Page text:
For generations before the pioneer settlers arrived, Chinook Indians gathered oysters and camped in the area that is now Oysterville. They called it “tsako-te-hahsh-eetl” which, like many Indian words, had two meanings: “place of the red-topped grass” and “home of the yellowhammer (or red-shafted flicker).”
Soon after the first white settlers arrived, Oysterville became a rowdy, lusty boomtown. By 1855 its population and importance were such that it became the seat of Pacific County, Washington Territory. The town had many firsts – a school, college, newspaper, and finally, in 1872, a church – First Methodist.
Late in the 1880s fate took a hand: the long awaited railroad line ended at Nahcotta, an isolating four miles away, the native oysters became scarce and, without the possibility of a local livelihood, residents moved out en masse. Finally, in 1893, the courthouse records were stolen in the middle of the night, and the county seat was moved to its current location in South Bend. Oysterville gradually became the sleepy little village it is today. (adapted from the Oysterville Restoration Foundation website)
The only oyster business in town these days is Oysterville Sea Farms (OSF), founded in 1991 by Dan Driscoll, a third-generation oyster farmer who grew up in Seattle, but spent his summers in Oysterville helping his dad on the farm and learning the ropes. After graduating from the University of Washington with degrees in Communications and Psychology, he moved to Los Angeles to work in the film business. “Life was good down there, but not fulfilling,” he told me.
He lived and worked in LA for seven years before returning to the Northwest, to visit his family in Oysterville. It was October 1990.
“My dad told me that he had a business that was not good enough to sell, but too good to give up, and asked if I wanted it. I said sure, but only if you and mom give me the cannery. They did give me the cannery, which was pretty mean of them, because the cannery was in such bad shape then it was a liability,” he recalled.
His father helped to start the process of restoring the cannery building and his mother “even went to the Oysterville design review board to get their approval, got our first shoreline exemption permit, and our first building permit for the Oysterville cannery restoration project.”
Short History of Oysterville Cannery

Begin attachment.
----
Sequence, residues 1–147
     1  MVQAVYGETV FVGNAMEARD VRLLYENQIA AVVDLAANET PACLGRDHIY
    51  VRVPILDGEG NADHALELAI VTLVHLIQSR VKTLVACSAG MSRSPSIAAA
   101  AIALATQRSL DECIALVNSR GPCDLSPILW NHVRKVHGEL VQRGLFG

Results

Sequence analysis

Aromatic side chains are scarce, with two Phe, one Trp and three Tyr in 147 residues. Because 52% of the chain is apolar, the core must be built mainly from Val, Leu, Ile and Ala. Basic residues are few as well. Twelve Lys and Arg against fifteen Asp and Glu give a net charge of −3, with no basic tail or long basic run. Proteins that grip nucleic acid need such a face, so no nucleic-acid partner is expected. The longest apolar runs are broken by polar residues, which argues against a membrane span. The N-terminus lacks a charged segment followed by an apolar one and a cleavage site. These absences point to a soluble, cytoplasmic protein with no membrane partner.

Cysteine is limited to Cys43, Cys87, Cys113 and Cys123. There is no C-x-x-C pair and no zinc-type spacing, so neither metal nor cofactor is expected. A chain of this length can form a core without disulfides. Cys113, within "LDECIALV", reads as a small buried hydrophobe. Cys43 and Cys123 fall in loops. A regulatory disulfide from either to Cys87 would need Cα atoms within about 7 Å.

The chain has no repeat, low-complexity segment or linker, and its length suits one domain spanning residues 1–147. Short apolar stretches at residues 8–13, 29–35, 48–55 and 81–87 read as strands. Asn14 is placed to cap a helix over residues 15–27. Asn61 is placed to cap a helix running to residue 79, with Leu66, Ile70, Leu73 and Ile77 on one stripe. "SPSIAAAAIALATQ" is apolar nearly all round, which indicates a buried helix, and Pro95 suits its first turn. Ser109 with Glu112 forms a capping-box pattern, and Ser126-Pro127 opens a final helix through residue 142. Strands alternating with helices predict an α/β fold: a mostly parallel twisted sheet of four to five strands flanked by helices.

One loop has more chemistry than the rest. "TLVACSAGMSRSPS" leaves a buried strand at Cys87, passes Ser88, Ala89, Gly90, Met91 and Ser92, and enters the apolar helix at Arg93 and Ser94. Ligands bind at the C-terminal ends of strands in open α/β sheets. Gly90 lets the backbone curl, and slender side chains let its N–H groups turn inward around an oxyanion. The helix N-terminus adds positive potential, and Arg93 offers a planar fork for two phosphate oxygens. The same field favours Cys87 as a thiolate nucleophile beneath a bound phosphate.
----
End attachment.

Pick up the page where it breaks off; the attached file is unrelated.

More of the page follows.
In 1939 the property on which the building is located was sold by Ed and Randolph Sherwood to a partnership called Northern Oyster Company, made up of Glen Heckes, Roy Kemmer and Ted Holway, all active oystermen with sizable oyster beds. The building went up in 1940, and received massive government contracts after the start of the U.S. role in World War II in December 1941. Ted and Virginia Holway eventually owned 100% of Northern Oyster Company, and in 1966, they signed a contract with their daughter Ruth and her husband Dick Sheldon to sell them the company.
In 1969, oyster canning operations at the Oysterville Cannery were shut down. The Sheldons retained Northern Oyster Company, which included the oyster beds, equipment and boats. This left the Holways with the cannery and no means to support it.
In 1973, Les Driscoll (Dan’s father) began selling both oysters and non-seafood items at the cannery in the summertime. Soon after, the Holways gave the Oysterville Cannery to Les and his wife Virginia Ann. On April 21, 1976 the Oysterville Cannery Building was placed on the National Register of Historic Places.
Restoring the Cannery and Building the Business
Driscoll and his parents spent about 20 years restoring the cannery, partially financing the project (which Driscoll says costs “in the hundreds of thousands”) by selling shellfish and other items marketed under the Willabay label. Finally, in 2011, the restoration was pretty much complete, and Driscoll set his sights on starting to recoup his investment, and continuing to involve the community in the business. Most of the oyster farmers on Willapa Bay sell their oysters wholesale to markets on the West Coast and beyond. But OSF is a retail operation, both on-line and fresh at the cannery.
In June 2011, an anonymous complaint was received by Pacific County concerning the selling of certain items at the cannery. The complaint alleged that OSF was out of compliance with Pacific County’s latest development and zoning ordinance, adopted in the early 2000s. That ordinance strictly limits the type of development and business activity allowed on the shoreline of Willapa Bay. Since that complaint, OSF has been clamoring to comply and stay open, but has also been fighting many of the decisions of various state and local agencies.
Though these battles are on-going, the gist of the whole debate about whether OSF should or shouldn’t be allowed to continue to follow its business plan is best summed up in the testimony of Alan Trimble, a professor at the University of Washington, who has worked in the Willapa Bay area for over a decade, at a Pacific County Planning Commission meeting on November 3, 2011. The following is a shortened version of that testimony.
Should OSF Be Allowed to Do Business?
“My name is Alan Trimble. I’m a scientist at the University of Washington. I’ve been working here about a decade now and we live in Nahcotta right across from the port. I’m a marine ecologist. My profession is to worry about the science of water quality and things living in bays, and I’ve devoted a decade to this particular estuary and I have to say it’s a pretty special place – entirely by accident.
“People will claim that they are responsible for keeping it the way it is, but actually the fact is it’s the way it is because we already removed most of the resources from this place and most of the businesses failed. If you look at ancient pictures of Raymond, South Bend and Nahcotta and Oysterville, there were restaurants, there were bars, there were hotels, there were roads, there was a railroad, and there were several mills all over the bay. There was a very large industrial business, and in fact the Oysterville cannery was in the commercial district of Oysterville.